So now I am getting interested in all the free information. I try out my neighbor’s phone number, and she correctly spits back my neighbor’s email address. I might have been scared if it were ilustaftermyneighbor or windowpeeker.

I try my work number at the hospital. She tells me that about 15 people have signed up using that number including angrynurse and smokinRT. She looks up at me as my mouth hangs agape.

Reflexively, I give her my home number. After slowly phonetically sounding out purtyinpank correctly and OMGOMG incorrectly, she finally reads out my email address…

When the Emo girl started asking for my phone number today, she started doing the email dance and chuckled at a few of them. She said she has to be careful guessing because an elderly guy got offended one time because she did not think that littlehotpants was his email address.

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Today I discovered one of the weaknesses of badges, gadgets, and embeds. Users who are behind restrictive web filters may never correctly see a web page that contains an “include” from a blocked site.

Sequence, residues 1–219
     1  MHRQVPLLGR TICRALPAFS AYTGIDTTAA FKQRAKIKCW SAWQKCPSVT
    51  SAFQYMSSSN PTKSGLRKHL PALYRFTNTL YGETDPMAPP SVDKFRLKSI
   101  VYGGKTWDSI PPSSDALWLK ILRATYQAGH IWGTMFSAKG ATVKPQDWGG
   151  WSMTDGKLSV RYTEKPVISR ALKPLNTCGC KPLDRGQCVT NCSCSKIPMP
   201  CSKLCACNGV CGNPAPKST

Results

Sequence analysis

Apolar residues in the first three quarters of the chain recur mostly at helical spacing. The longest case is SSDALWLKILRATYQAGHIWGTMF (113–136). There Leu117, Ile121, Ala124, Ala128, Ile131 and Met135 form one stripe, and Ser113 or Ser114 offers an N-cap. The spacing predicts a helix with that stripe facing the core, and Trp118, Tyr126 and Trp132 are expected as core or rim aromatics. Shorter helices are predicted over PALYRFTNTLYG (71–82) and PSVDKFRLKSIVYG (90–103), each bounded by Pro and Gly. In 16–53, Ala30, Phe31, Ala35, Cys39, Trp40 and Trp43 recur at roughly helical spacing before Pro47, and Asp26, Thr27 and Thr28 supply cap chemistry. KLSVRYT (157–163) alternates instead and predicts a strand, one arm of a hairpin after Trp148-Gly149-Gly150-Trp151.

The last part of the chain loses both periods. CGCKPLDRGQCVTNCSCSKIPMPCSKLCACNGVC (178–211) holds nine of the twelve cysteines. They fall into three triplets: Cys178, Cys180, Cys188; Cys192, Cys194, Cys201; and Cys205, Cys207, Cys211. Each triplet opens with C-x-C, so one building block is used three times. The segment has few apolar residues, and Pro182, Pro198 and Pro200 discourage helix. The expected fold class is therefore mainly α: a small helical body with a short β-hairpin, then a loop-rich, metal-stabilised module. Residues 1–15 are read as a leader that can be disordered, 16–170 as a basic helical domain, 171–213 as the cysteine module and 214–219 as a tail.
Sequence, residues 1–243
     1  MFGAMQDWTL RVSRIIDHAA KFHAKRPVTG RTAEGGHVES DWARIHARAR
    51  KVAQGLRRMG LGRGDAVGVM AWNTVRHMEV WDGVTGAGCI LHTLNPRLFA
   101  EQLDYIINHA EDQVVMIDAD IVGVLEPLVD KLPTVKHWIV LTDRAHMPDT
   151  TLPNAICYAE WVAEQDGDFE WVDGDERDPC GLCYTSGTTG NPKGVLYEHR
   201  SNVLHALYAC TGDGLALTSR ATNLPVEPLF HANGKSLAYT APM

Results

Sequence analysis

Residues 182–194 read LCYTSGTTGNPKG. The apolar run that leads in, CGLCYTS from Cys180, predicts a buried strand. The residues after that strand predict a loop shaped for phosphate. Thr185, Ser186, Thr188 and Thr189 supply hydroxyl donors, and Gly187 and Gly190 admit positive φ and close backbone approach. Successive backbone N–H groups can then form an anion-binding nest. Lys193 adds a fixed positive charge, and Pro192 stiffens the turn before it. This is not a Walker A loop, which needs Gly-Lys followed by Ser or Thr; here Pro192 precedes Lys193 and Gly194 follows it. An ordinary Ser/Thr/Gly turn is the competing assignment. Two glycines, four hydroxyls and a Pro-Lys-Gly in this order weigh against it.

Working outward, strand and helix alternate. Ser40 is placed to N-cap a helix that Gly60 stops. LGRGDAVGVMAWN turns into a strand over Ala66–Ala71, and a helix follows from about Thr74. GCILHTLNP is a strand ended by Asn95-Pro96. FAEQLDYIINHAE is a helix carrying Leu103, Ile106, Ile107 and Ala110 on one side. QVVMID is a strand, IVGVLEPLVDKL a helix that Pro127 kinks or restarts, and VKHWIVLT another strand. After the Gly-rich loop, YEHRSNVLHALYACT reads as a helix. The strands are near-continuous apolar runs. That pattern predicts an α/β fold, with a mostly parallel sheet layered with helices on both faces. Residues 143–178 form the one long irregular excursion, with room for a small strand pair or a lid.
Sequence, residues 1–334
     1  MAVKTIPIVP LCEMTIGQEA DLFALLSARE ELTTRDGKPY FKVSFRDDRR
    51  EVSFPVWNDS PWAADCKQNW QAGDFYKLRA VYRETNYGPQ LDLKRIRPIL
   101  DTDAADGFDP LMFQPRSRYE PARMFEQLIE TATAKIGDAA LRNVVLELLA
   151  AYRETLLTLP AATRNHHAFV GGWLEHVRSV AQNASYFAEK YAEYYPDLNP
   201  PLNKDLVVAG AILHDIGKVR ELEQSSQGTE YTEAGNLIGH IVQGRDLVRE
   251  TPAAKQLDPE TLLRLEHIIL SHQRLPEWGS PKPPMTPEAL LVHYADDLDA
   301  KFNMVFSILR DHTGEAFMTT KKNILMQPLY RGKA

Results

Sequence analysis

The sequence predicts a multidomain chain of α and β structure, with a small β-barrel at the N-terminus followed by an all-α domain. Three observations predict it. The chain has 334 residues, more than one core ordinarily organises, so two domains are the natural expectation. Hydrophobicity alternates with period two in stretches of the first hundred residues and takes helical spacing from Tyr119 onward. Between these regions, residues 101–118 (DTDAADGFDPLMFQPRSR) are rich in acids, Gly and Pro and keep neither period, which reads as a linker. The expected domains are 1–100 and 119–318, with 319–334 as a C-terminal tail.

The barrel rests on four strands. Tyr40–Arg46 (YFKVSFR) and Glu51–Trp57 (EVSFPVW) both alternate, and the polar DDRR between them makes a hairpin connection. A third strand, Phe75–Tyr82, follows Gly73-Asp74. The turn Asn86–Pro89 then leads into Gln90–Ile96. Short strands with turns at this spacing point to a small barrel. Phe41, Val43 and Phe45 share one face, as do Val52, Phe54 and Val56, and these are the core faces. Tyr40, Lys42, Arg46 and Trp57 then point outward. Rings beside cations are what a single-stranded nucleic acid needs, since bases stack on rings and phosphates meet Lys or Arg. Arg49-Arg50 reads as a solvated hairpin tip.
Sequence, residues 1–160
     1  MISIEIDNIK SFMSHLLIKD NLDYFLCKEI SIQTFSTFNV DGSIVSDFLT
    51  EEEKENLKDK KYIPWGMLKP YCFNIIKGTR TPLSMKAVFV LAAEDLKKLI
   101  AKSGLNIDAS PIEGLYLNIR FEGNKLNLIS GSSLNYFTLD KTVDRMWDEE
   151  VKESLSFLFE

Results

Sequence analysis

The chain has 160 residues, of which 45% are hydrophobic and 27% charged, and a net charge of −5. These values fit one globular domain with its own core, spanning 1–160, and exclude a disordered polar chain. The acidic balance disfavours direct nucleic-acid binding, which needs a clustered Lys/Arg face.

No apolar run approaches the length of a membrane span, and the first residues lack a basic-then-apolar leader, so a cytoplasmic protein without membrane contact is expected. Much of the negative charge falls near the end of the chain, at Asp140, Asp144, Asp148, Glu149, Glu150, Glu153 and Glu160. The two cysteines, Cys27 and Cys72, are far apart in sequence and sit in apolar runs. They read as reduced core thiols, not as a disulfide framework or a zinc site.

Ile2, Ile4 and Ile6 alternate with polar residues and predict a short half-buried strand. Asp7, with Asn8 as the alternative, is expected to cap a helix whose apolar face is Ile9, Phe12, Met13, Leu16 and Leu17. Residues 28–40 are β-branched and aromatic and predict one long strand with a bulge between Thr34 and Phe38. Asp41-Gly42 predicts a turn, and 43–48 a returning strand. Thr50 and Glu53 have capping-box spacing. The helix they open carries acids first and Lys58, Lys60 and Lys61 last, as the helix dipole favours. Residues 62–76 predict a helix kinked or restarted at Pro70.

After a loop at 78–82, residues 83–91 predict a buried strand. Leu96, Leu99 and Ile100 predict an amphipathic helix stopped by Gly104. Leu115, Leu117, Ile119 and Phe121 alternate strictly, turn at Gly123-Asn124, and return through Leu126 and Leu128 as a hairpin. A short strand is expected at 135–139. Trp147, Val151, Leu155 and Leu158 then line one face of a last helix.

On my XP machines at work, the Facebook Badge does not time out in a graceful manner. This has been the source of my thinking that my blog has not been working incorrectly. Today I installed firebug and yslow for firefox and noticed the following…

slow facebook badge

The site was stuck on waiting for the facebook badge — eternally. This is likely because of the websense restrictive filtering policy of the hospital. If I try to directly visit facebook, that never resolves either. I receive an eternal “Waiting for…” message in the tray in both IE6 and firefox.